Seborrhea

What is seborrhea? 

Seborrhea (also known as seborrheic dermatitis) is a type of eczema – a skin condition, occurring on parts of the body prone to sweat: the scalp, face, chest, and in the folds of the body (armpits, groin, under the breasts, and in the navel). 

Eczema is an inflammatory condition, yet it is not caused by viral, bacterial, or fungal infection. When diagnosed with eczema, many people fear a bacterial or fungal infection, yet it is not contagious. It is appears as red, scaly, itchy skin.

 

Is seborrhea the cause of scalp dandruff? 

Yes! Scalp dandruff is a mild form of seborrhea. Therefore, any treatment for seborrhea can be used for treating dandruff. 

 

Do babies also suffer from seborrhea? 

Seborrhea in babies is very prevalent, however the condition generally dissipates at around age 8-12 months. 

 

What are the causes of seborrhea? 

Seborrhea could be a reaction to the fungus, malassezia furfur or pityrosporum ovale.  However, seborrhea is not a fungal disease. Its symptoms come and go. They are aggravated during certain seasons (autumn and winter specifically), when temperatures drop or at times of hormonal changes and stress. Neurological conditions, such as Parkinson's, are also liable to increase the risk of seborrhea. In babies, seborrhea can be due to the transfer of hormones from the mother just before birth. 

 

How prevalent is seborrhea

Seborrhea affects 2% - 3% of the world population, and occurs in all races. It's mildest form – scalp dandruff – is even more widespread, and is found in 15% - 20% of the population.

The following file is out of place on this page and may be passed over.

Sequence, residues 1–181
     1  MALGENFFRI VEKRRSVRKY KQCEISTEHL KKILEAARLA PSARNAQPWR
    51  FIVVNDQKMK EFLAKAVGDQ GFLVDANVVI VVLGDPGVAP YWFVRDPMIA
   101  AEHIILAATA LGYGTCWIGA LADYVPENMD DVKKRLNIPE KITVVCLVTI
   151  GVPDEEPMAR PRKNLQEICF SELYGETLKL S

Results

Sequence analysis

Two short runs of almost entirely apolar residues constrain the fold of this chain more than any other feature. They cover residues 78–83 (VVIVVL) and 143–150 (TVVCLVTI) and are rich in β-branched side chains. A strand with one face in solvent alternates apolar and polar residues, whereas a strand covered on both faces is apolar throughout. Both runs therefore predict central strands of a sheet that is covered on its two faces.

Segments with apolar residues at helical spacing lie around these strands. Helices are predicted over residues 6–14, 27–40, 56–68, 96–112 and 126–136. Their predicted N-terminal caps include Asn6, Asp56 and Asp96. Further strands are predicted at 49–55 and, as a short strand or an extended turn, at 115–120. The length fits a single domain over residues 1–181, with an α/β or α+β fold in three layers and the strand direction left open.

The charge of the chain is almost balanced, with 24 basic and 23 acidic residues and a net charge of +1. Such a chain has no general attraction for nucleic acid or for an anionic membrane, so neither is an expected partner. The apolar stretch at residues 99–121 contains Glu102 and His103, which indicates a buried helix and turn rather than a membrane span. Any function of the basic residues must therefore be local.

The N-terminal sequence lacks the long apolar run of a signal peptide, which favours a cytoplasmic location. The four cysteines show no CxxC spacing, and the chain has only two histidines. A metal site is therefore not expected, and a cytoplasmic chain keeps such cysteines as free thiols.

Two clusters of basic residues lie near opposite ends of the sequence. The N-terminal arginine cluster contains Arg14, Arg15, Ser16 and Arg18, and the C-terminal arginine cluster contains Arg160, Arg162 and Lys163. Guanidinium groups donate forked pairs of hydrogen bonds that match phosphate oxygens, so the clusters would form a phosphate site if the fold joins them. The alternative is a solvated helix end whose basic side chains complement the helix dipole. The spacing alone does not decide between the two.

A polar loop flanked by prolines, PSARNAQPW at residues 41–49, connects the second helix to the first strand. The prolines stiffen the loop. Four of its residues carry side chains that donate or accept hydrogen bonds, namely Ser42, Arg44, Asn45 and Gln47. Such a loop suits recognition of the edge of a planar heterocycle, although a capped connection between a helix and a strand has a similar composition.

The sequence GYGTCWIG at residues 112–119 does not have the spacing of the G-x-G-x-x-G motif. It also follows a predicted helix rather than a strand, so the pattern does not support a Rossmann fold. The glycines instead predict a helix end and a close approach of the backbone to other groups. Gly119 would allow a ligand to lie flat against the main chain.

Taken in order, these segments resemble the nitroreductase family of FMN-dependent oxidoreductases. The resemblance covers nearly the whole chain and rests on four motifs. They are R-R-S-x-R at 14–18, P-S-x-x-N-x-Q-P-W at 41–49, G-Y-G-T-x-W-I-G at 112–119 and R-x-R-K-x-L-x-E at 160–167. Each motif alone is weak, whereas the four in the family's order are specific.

The condition is generally more severe among men than women. For the most part, it first appears at puberty, and becomes more prevalent towards age 40. The incidence of seborrhea in seniors is lower and less severe than among younger people. 

 

What are the symptoms of seborrhea? 

Seborrhea appears on the skin in the vicinity of the glands, including the scalp and face. The condition appears as an eczema – mildly red and scaly. There may be mild itching. Few people complain of intense itching, as in atopic dermatitis – the standard eczema we all know, where immense itching occurs, which often leads to increased redness, heat, and broken skin.

 Seborrhea manifests itself in the eye, eyelid, and eyebrow area, as well as the sides of the nose, the moustache area between the nose and lips, and chest. Likewise, it can appear on the upper back, in the armpits, and the groin area. In men it is more likely to occur in areas with more hair. 

 

How is seborrhea diagnosed? 

For the most part, there is no need for formal testing to obtain a diagnosis for seborrhea. The diagnosis is based on the doctor's checkup as to the character of the symptoms. It is extremely rare that a skin biopsy will be required to confirm the presence of seborrhea, or in order to rule out similar, but rarer conditions. 

 

Is seborrhea a dangerous condition? 

Seborrhea on its own is not a dangerous condition, however its symptoms – redness and scales, specifically on the scalp (dandruff), are similar to other riskier skin conditions. There is always the concern that an inadequate diagnosis of a serious condition will delay the correct treatment. Therefore it is always recommended, that on appearance of red, scaly, itchy skin, to avoid self-diagnosis, and to be examined by a dermatologist. A professional examination will ensure proper diagnosis, negating or confirming the presence of a different skin condition. 

There is a higher incidence of seborrhea in AIDS patients. Therefore, should a seborrhea-like rash appear on the skin of people with a high risk of HIV infection, it is advisable to do a blood test for HIV. 

Seborrhea in adults is a chronic condition, and sometimes it requires ongoing treatment. 

Seborrhea is a long-term condition, often lasting many years. Over the course of time, there are periods of remission and respite, and stretches of flare-ups. During times that it is active, treatment should be taken. There is no need to treat the condition during a lull in activity.

Currently, there is no treatment that cures the disease completely.